Home Twitter’s Advertising Scheme is Delightfully Boring – Just As It Should Be

Twitter’s Advertising Scheme is Delightfully Boring – Just As It Should Be

Why do people care how Twitter will make money? “We won’t know where we, the users, fit in — until they tell us how they’re going to make money,” Dave Winer wrote a year ago this week, “And when they tell us, we may not like it.” That’s one reason why people care how Twitter makes money.

Whether you’re a person concerned that the popular social network you’re investing your time and energy in might monetize in an anti-social way, or you’re a skeptic who refuses to believe that the world-changing potential of Twitter is real until it proves itself economically viable – you probably heard that Twitter announced tonight it’s got a plan for advertisements. You can breathe a sigh of relief; the plan is downright boring, just as it should be.

Advertisements will begin in search, with keywords being bid on and a single advertisement appearing with frequency dependent on its performance. Then the ads will be extended to 3rd party applications like TweetDeck and others. It’s unclear who will use it, Tweetie got bought by Twitter last week and Twitterific has its own ads, but other apps will come and go, hopefully given the option (not the requirement) to show Twitter ads to their users.

Finally, ads will begin to appear on Twitter.com, tailored to the interests of users, as easily observed by their messages published and received.

This is great: it’s relatively non-invasive, nothing too crazy, nothing terribly exploitive. Some people who insist on reading every Tweet in their stream will probably be annoyed once they find ads in it, but there are already lots of unofficial ads being published on Twitter and maybe this will break those people of the habit of obsessing over every little message.

This is surely not the intention behind the plan, Twitter HQ itself is full of people who spend time carefully pruning their streams. Twitter’s new head of PR Sean Garrett, for example, quit following NBC’s @newmediajim and media analyst Shelly Palmer last week, something it’s hard to imagine him doing for any reason other than concern about signal-to-noise ratio and an unhealthy concern with reading every one of the Tweets in his stream.

But the point is this: it appears that no baby animals will be hurt in the making of the Twitter.

Along with the big search deals with Google, Microsoft and Yahoo, and the forthcoming availability of power Commercial Accounts, Twitter seems to have found relatively non-violent ways to monetize. As long as the firehose of user activity data is in fact made more widely available and not kept from small innovators, and as long as regular accounts aren’t handicapped in order to make commercial accounts more appealing – then these three plans together look pretty good.

It’s not banner ads, it’s not sales of data to direct marketers, it’s not licensing access to Direct Messages to the CIA. Twitter is at its best when it keeps things simple, when it stays out of the way and acts like a dumb, if textured, pipe. Put a contextual ad up to keep the lights on, what do I care?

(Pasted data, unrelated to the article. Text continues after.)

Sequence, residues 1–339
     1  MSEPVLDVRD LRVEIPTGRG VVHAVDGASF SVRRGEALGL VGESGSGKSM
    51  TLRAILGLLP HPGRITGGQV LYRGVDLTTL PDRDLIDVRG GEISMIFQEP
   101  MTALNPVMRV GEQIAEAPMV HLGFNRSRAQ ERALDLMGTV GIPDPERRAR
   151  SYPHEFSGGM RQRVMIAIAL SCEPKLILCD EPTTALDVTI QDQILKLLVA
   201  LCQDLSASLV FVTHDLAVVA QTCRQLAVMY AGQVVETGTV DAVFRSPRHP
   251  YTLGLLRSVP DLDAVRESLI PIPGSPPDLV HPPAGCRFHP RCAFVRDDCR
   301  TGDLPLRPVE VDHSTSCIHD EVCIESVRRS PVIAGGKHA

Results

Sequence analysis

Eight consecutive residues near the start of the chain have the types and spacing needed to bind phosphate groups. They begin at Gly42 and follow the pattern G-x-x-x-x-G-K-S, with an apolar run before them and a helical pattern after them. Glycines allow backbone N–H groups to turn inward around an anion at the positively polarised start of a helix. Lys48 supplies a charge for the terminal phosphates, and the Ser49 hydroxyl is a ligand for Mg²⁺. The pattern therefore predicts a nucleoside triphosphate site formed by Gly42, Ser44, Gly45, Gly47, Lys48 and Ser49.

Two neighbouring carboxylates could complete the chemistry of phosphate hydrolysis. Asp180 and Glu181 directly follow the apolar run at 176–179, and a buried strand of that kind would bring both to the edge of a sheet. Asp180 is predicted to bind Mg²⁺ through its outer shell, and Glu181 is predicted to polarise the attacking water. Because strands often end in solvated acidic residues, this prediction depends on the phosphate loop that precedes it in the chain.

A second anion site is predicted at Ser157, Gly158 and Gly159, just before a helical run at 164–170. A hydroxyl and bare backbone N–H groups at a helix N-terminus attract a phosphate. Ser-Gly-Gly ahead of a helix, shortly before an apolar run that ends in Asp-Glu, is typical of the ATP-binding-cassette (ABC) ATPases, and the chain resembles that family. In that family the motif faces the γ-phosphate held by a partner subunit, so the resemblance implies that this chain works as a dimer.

It’s entirely predictable, shouldn’t hurt too much and might even work. As Liz Gannes said so well in her headline at Gigaom tonight: “The Twitter Ad Model Revealed (What Were You Expecting, a Pony?)”

Update: Twitter’s Biz Stone posted to the company’s blog about this at one minute after midnight. He didn’t say much that was new but he did title the post “Hello World,” implying that this is in some ways the real beginning for Twitter.

About ReadWrite’s Editorial Process

The ReadWrite Editorial policy involves closely monitoring the tech industry for major developments, new product launches, AI breakthroughs, video game releases and other newsworthy events. Editors assign relevant stories to staff writers or freelance contributors with expertise in each particular topic area. Before publication, articles go through a rigorous round of editing for accuracy, clarity, and to ensure adherence to ReadWrite's style guidelines.

Get the biggest tech headlines of the day delivered to your inbox

    By signing up, you agree to our Terms and Privacy Policy. Unsubscribe anytime.

    Tech News

    Explore the latest in tech with our Tech News. We cut through the noise for concise, relevant updates, keeping you informed about the rapidly evolving tech landscape with curated content that separates signal from noise.

    In-Depth Tech Stories

    Explore tech impact in In-Depth Stories. Narrative data journalism offers comprehensive analyses, revealing stories behind data. Understand industry trends for a deeper perspective on tech's intricate relationships with society.

    Expert Reviews

    Empower decisions with Expert Reviews, merging industry expertise and insightful analysis. Delve into tech intricacies, get the best deals, and stay ahead with our trustworthy guide to navigating the ever-changing tech market.